Robert J. Howell offers a new account of the relationship between conscious experience and the physical world, based on a neo-Cartesian notion of the physical and careful consideration of three anti-materialist arguments. His theory of subjective physicalism reconciles the data of consciousness with the advantages of a monistic, physical ontology.
This first edition of this book was a broad study, drawing on a wide range of published research and historical evidence, of the enormous stock market boom that started around 1982 and picked up incredible speed after 1995. Although it took as its specific starting point this ongoing boom, it placed it in the context of stock market booms generally, and it also made concrete suggestions regarding policy changes that should be initiated in response to this and other such booms. (...) The book argued that the boom represents a speculative bubble, not grounded in sensible economic fundamentals. Part one of the book considered structural factors behind the boom. A list of twelve precipitating factors that appear to be its ultimate causes was given. Amplification mechanisms, naturally-occurring Ponzi processes, that enlarge the effects of these precipitating factors, were described. Part Two discussed cultural factors, the effects of the news media, and of "new era" economic thinking. Part Three discussed psychological factors, psychological anchors for the market and herd behavior. Part Four discussed attempts to rationalize exuberance: efficient markets theory and theories that investors are learning. Part Five presented policy options and actions that should be taken. The second edition, 2005, added an analysis of the real estate bubble as similar to the stock market bubble that preceded it, and warned that "Significant further rises in these markets could lead, eventually, to even more significant declines. The bad outcome could be that eventual declines would result in a substantial increase in the rate of personal bankruptcies, which could lead to a secondary string of bankruptcies of financial institutions as well. Another long-run consequence could be a decline in consumer and business confidence, and another, possibly worldwide, recession." Thus, the second edition of this book was among the first to warn of the global financial crisis that began with the subprime mortgage debacle in 2007. (shrink)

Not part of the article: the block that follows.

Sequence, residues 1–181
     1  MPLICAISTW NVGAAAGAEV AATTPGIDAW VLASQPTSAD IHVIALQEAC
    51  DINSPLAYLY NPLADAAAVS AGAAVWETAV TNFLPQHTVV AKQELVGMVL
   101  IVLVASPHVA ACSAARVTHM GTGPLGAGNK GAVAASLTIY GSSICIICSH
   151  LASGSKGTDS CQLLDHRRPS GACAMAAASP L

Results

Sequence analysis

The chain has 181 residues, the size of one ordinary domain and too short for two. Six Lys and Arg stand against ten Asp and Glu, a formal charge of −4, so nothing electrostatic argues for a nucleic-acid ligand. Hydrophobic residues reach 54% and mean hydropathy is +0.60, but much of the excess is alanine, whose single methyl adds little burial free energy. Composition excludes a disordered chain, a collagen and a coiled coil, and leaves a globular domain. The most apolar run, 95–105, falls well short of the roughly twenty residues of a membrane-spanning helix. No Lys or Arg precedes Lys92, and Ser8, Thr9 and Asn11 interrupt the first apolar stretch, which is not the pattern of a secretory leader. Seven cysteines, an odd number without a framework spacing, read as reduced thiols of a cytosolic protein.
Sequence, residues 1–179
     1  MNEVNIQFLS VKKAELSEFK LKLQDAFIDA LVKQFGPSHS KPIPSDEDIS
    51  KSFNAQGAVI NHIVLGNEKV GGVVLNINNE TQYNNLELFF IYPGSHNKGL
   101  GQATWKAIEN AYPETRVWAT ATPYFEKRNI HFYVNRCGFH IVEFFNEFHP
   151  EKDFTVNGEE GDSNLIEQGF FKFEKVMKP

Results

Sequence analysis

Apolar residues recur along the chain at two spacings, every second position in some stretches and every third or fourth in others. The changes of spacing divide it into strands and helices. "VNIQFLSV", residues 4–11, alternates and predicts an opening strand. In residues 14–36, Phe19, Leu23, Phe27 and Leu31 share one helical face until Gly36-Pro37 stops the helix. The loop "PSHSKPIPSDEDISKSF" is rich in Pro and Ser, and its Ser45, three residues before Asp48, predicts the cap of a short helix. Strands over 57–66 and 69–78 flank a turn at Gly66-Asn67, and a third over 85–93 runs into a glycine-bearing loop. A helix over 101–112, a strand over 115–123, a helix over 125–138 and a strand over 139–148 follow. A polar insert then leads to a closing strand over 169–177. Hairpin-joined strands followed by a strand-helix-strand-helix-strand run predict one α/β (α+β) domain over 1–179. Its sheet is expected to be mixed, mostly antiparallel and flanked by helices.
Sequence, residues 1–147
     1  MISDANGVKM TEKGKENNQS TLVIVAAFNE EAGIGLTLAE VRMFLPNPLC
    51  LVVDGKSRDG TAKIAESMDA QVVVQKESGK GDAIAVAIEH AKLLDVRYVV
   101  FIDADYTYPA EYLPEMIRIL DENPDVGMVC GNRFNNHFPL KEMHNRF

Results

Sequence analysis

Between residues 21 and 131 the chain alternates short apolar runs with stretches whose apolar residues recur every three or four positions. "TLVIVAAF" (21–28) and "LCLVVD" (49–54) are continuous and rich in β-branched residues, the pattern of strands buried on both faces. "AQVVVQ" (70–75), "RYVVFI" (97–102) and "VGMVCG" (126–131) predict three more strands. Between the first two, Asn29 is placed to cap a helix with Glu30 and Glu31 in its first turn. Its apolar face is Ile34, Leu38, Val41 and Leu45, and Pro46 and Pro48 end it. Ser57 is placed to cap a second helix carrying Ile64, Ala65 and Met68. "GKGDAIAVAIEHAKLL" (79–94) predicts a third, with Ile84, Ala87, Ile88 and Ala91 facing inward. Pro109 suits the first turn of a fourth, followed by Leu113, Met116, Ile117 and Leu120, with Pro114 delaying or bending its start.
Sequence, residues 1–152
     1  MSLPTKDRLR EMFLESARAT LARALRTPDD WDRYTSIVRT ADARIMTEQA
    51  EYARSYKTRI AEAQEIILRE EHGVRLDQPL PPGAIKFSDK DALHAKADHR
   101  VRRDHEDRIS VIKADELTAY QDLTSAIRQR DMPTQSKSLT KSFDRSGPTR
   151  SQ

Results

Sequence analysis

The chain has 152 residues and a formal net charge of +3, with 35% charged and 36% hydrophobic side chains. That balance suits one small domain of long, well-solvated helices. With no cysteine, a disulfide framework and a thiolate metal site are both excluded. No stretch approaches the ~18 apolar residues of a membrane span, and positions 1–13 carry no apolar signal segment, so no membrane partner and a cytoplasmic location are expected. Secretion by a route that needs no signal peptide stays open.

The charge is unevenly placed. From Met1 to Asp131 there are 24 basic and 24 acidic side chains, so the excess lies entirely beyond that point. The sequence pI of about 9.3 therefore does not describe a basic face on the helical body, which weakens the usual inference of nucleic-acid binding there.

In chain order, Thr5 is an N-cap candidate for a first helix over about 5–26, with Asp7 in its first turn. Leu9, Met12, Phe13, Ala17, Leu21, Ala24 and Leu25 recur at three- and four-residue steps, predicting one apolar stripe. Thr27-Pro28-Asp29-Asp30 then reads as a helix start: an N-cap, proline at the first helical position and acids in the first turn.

This collection of research papers explores the implications of quantum cosmology and the status of the laws of nature for theological and philosophical issues regarding God's action in the world. The main goal is to contribute to constructive theology as it engages current research in the natural sciences, and to investigate the philosophical and theological elements in ongoing theoretical research in the natural sciences.
: Interesting work has been done on the striking similarities between the key arguments of the late Jacques Derrida and Daoism. While named otherwise, such Derridean signposts as the metaphysics of presence, the duality of language, and logocentrism are found in Daoist views of the relationship between reality, speech, writing, and knowledge. However, where the limits of language lead Derrida is different from where they take the authors of the Zhuangzi and the Daodejing, in particular regarding the question of action (...) for and responsibility toward others. (shrink)
This book examines the role that natural philosophy plays in the emergence of Early Modern political thought. Robert J. Roecklein argues that the natural philosophy of Early Modernity, especially its indictment of sense perception, constitutes a major political foundation for the more concrete doctrines of political science developed by Bacon, Descartes, Hobbes, and Spinoza.